The painful sting of rejection for college applicants is apparently fueling interest in a piece by New York Times columnist Frank Bruni titled "College Admissions Shocker!"
But judging from tweets and comments, too many people don't realize the column is all satire, making fun of how universities measure their elite status by the percentage of applications they reject each spring.
Bruni reports (satirically) that Stanford University cemented "its standing as the most selective institution of higher education in the country" this year by dropping its 5% acceptance rate in 2015 to "its inevitable conclusion of 0 percent" in 2016.
"With no one admitted to the class of 2020, Stanford is assured that no other school can match its desirability in the near future. for the class of 2020."
Wow, Stanford admitted ZERO STUDENTS for 2020 class. College Admissions Shocker! https://t.co/vKIepg9d5T-- jane.doe (@sunflowerjules) March 30, 2016
Bruni quoted an anonymous (and fictional) Stanford administrator saying: "We had exceptional applicants, yes, but not a single student we couldn't live without. In the stack of applications that I reviewed, I didn't see any gold medalists from the last Olympics -- Summer or Winter Games -- and while there was a 17-year-old who'd performed surgery, it wasn't open-heart or a transplant or anything like that. She'll thrive at Yale."
I want to share this with my students but I fear they would miss the satire. College Admissions Shocker! https://t.co/GhkZjFDBxA-- Kyaiera Mistretta (@KyaieraM) March 30, 2016
The column suggests that other schools are firing their "underperforming deans of admission" for failing to match Stanford's 100% rejection rate. Schools would also increase efforts to lure applications from abroad, giving them even more young people to say no to.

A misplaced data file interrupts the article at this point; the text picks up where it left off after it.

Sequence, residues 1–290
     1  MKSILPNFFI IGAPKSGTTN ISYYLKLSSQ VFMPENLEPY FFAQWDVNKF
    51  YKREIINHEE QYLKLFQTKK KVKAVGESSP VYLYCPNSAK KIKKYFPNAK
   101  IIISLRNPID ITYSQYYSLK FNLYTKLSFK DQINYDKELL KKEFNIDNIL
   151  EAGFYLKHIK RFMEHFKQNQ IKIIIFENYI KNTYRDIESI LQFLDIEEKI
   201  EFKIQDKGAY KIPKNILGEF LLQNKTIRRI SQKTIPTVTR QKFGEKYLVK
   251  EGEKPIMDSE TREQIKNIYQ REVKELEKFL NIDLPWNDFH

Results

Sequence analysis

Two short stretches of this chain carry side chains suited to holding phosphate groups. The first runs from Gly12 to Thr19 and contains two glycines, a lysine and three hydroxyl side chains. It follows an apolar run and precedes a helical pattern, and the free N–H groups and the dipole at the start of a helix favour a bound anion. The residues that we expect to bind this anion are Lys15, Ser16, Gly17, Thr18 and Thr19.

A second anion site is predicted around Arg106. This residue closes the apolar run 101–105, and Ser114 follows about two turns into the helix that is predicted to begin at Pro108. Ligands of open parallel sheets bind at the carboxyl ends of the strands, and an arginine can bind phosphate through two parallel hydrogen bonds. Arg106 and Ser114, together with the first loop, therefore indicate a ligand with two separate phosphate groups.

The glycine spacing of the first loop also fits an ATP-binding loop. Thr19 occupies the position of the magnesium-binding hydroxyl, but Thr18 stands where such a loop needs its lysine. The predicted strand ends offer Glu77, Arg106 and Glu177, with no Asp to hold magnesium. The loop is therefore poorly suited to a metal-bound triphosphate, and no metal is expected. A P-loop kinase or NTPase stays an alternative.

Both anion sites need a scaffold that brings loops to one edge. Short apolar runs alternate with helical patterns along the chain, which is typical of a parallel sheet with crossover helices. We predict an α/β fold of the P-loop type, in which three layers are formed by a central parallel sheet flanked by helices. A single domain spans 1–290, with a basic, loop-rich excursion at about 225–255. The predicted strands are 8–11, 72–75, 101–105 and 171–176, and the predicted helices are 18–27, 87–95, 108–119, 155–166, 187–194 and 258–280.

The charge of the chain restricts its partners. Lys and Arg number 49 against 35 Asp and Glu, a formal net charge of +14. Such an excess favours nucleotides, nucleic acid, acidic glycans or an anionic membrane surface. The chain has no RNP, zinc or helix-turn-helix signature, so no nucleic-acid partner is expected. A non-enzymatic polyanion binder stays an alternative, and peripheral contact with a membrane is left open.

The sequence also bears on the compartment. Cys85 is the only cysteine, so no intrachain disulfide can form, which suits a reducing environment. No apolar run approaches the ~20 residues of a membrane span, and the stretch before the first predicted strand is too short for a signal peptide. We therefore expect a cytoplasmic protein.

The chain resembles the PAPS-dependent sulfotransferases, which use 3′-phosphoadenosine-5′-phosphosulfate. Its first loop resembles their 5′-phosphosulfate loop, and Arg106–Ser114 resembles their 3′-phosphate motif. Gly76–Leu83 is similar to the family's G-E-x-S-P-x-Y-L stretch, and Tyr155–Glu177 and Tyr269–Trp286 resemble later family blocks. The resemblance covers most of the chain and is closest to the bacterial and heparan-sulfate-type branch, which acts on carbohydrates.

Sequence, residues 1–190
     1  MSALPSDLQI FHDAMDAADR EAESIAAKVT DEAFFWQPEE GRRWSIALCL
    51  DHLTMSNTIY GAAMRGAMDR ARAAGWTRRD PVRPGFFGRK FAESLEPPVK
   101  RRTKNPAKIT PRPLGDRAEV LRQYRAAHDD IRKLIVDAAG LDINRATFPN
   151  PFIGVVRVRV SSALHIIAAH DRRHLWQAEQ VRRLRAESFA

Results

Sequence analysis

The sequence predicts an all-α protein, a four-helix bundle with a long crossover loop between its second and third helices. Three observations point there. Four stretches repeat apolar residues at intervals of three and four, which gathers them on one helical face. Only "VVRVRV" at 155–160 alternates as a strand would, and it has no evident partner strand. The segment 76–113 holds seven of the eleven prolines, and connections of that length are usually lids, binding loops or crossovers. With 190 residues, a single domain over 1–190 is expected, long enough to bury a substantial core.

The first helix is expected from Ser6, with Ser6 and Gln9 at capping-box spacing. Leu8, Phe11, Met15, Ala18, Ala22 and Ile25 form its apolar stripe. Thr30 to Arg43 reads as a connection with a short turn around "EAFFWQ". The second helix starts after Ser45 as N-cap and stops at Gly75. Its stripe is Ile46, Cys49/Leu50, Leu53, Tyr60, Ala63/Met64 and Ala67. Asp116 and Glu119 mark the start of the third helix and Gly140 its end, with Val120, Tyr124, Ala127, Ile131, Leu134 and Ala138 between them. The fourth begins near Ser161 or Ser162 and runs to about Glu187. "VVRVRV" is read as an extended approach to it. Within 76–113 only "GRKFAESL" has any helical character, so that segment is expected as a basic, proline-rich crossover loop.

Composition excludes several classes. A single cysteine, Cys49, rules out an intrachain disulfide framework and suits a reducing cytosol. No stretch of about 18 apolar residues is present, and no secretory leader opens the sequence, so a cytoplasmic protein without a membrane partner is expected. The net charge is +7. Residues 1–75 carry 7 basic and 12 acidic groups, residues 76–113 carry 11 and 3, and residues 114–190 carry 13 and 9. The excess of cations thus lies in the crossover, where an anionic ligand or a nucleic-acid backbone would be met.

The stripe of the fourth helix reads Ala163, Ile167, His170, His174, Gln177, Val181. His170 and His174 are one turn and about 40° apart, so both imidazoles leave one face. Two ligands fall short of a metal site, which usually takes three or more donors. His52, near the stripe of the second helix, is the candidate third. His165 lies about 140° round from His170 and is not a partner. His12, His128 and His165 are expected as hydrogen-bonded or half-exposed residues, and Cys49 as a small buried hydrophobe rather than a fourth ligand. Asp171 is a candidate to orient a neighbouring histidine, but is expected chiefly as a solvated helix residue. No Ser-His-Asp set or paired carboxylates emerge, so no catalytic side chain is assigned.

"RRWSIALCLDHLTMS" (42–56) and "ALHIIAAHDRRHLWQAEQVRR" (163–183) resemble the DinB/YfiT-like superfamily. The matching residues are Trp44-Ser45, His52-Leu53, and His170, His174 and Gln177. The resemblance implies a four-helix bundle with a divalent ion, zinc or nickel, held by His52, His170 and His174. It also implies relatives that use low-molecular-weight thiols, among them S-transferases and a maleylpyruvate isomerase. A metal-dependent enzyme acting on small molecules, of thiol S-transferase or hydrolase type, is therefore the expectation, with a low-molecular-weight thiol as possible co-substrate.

"On campuses from coast to coast, there was soul searching about ways in which colleges might be unintentionally deterring prospective applicants.
Were the applications themselves too laborious? Brown may give next year's aspirants the option of submitting, in lieu of several essays, one haiku and one original recipe using organic kale."
The perception of Stanford's increased exclusivity immediately boosted fundraising for the university's endowment, Bruni wrote.
"In fact just 12 hours after the university's rejection of all comers, an alumnus stepped forward with a financial gift prodigious enough for Stanford to begin construction on its long-planned Center for Social Justice, a first-ever collaboration of Renzo Piano and Santiago Calatrava, who also designed the pedestrian bridge that will connect it to the student napping meadows."
LOL All the comments from outraged people who didn't get the joke... College Admissions Shocker! https://t.co/O5QRQ1ohAl-- Stephanie E (@squibbish) March 30, 2016